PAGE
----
Gear Review — Sage DXL Typhoon Boat Bag

I have been ever fortunate enough to be in the right place at the right time, and last year, The Far Bank Enterprises., used one of my photos in one of their holiday marketing materials.  In trade for the photo, I received a Sage DXL Typhoon Boat Bag.  Generally it is pretty bad form to review and, or, bitch about something that was given to you (as so I learned after filming a nice thank you to William Joseph for the lack of “waterproofness” of their version of a boat bag — you can see that video here); but I figured it was OK to brag about something when it lives up to its advertised expectations.

First things first, the Sage DXL Typhoon Boat Bag is B-I-G.  It looks more like a soft-sided cube cooler, than it does the traditional shape and size of a kit bag or boat bag.  The bag itself is roomy, thanks to it size.  The outside features various side pockets, but not so many that you might forget where you put things.  Every pocket has a specific purpose, and one of the side pockets has a fly patch and tool dock that are removable and can attach to the velcro on the top of the bag when in the boat.  The bag also features a one-handed flap that gave me fits at first, but on days when it isn’t raining, it will save from having to futz with the water-resistant zippers to get in the main compartment of the bag.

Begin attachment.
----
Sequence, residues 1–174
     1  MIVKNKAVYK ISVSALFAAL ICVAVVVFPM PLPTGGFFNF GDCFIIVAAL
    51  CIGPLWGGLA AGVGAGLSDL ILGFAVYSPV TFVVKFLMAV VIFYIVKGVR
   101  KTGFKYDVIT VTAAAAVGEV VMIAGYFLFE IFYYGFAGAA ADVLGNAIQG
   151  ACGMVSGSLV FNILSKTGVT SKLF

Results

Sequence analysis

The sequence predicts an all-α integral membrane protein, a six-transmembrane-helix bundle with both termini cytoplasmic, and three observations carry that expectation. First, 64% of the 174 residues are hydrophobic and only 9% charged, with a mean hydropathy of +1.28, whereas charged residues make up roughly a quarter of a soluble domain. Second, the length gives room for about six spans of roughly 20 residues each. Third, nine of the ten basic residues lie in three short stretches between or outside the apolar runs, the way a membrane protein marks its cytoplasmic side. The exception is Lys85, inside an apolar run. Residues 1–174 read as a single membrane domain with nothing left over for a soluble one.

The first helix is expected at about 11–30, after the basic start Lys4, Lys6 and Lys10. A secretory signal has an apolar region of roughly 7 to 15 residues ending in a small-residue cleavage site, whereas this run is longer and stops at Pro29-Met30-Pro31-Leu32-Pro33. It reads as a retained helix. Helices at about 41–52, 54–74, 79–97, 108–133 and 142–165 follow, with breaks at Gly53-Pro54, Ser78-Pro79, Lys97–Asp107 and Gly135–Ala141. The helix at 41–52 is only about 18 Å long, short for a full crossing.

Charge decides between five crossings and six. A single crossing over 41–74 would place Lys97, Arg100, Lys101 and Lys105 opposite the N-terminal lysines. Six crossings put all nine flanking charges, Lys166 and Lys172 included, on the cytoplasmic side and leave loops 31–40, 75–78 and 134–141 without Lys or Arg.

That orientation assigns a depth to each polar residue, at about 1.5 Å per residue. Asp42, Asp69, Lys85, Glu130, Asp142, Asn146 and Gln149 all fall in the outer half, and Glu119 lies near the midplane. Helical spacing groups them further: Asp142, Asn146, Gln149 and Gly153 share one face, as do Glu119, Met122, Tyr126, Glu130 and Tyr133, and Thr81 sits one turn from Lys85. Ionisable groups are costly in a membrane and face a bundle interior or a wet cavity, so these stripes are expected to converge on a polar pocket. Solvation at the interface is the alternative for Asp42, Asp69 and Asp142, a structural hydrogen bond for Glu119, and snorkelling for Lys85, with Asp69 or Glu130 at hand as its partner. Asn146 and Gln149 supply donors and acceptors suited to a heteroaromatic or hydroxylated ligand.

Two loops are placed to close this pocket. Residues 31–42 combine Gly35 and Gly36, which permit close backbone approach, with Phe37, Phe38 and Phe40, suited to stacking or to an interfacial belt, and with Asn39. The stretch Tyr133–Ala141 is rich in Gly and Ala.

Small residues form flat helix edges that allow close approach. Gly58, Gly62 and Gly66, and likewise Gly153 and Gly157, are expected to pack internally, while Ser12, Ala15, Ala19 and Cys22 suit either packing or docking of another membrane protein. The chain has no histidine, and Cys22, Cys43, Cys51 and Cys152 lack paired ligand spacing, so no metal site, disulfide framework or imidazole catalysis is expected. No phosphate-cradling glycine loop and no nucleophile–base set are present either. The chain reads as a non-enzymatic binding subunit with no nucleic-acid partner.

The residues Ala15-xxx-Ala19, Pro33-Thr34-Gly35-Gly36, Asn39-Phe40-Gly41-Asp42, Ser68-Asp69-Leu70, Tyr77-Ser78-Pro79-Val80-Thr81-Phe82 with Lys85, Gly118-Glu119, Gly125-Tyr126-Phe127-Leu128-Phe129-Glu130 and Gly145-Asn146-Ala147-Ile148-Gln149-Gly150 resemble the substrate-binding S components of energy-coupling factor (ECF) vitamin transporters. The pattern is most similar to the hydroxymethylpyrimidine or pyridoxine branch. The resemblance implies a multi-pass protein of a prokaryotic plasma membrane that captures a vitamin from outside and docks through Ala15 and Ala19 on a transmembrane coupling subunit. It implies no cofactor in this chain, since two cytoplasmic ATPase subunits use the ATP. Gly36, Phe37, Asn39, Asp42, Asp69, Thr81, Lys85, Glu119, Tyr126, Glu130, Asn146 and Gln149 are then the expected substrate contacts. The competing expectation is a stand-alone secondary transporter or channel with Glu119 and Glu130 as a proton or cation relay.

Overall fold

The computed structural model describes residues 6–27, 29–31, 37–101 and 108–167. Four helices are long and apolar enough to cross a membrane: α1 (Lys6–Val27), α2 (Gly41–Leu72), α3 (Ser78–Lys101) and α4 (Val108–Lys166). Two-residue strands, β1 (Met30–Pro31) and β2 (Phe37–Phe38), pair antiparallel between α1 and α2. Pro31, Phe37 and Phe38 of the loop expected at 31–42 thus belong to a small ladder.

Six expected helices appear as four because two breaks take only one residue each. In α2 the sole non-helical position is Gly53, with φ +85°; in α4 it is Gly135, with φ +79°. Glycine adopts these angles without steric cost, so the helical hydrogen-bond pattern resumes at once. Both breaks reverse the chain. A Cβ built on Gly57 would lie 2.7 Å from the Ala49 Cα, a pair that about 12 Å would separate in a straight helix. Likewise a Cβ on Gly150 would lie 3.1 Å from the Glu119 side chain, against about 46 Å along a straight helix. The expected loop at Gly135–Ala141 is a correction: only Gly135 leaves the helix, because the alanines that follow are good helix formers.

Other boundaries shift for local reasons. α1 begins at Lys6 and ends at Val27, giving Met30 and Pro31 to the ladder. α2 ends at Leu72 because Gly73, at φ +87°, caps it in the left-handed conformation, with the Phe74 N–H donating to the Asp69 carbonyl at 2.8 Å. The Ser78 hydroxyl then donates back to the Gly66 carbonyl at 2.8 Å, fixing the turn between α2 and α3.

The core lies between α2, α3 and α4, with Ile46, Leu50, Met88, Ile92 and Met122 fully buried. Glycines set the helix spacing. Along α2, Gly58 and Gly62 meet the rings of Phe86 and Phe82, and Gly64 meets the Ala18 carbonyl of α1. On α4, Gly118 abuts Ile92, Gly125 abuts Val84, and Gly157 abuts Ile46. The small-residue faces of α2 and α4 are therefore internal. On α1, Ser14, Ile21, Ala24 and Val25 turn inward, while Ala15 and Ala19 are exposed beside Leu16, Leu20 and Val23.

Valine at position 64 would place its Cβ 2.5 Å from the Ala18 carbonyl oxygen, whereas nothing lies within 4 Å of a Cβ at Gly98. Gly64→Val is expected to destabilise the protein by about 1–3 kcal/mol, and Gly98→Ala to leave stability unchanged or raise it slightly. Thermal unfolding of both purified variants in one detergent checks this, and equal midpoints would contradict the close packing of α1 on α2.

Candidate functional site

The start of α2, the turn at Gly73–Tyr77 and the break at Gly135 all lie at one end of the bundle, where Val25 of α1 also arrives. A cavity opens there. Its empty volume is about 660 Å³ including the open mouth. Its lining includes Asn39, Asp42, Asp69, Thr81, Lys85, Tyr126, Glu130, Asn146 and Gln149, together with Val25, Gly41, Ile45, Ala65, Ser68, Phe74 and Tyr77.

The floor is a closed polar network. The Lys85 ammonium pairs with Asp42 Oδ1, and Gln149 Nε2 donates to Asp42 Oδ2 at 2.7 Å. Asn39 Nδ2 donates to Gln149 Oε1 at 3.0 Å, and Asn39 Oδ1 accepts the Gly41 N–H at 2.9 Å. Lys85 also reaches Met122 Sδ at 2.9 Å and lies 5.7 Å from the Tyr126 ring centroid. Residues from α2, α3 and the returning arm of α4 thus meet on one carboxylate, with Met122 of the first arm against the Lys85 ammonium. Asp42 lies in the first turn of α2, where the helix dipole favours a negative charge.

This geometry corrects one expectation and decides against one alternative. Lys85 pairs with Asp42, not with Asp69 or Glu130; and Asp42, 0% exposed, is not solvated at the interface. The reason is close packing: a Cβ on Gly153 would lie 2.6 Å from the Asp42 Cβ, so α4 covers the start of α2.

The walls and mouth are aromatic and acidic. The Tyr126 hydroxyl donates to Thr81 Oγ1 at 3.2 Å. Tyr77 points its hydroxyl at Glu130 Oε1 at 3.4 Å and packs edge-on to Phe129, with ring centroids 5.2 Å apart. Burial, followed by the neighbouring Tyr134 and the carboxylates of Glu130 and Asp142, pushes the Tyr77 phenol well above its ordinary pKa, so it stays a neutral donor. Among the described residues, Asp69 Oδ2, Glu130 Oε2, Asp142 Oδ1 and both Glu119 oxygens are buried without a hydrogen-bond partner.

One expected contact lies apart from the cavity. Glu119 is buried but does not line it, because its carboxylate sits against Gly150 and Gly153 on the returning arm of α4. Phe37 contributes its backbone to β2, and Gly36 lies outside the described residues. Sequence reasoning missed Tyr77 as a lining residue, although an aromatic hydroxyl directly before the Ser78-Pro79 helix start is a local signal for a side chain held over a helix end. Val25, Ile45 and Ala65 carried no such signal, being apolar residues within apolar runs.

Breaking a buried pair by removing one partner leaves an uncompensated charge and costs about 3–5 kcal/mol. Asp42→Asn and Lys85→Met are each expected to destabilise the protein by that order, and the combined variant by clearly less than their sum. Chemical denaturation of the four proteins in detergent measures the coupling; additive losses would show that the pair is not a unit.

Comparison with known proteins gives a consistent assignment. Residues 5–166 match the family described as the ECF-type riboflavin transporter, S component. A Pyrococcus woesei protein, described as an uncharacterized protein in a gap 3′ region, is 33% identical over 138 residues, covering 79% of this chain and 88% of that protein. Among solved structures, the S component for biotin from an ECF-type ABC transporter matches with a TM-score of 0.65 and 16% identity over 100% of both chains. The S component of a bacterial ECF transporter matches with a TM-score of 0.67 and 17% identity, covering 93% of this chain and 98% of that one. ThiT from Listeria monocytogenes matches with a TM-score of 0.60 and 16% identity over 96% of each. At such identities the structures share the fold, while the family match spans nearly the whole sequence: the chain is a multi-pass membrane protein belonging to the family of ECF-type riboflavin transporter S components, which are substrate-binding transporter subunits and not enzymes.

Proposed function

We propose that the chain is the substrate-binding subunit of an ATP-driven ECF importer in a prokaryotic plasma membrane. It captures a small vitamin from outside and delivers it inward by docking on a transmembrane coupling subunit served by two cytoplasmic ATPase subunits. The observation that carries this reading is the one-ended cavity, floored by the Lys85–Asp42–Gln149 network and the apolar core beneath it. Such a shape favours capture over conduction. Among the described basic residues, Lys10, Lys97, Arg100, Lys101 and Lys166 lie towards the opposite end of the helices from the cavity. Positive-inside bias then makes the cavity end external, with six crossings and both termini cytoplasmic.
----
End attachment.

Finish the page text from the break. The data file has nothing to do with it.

The inside of the main compartment of the bag is a blank canvas, with two big dividers that have a little clear compartment to store maps in, and two smaller dividers to further segment out the compartment.  The lid features, what looks like a significantly more protected water-resistant compartment to store your wallet, keys, cell phone, etc.

While the advertisement on Sage’s web site stop short at claiming the bag is truly waterproof, by reminding us that the bag is not submersible, I was curious just how “waterproof” the bag was and decided to break out the video camera and fill up the bath-tub and head to the ‘testing laboratory”.  The bag held up well and did not leak when sitting in 3″ of water in the tub, and actually wanted to float around the tub.  I was impressed with this, while the bag was in the tub no longer than 5 minutes, if it were going to leak I would have seen some moisture in the bag from this small test.  I then decided to try out the bag in the shower, and placed it directly under the shower head for about 3 minutes, simulating a pretty good rain storm.  The bag didn’t leak a bit during this test either.  You can see the results of the video test here.  In short, I have to tell you that I am pretty darn pleased with these initial results after testing the bag.  I am going to transfer my gear to it and put it through the season with me this fall and winter, and will even use it to store some photo gear in when in the boat.

–Matt Tucker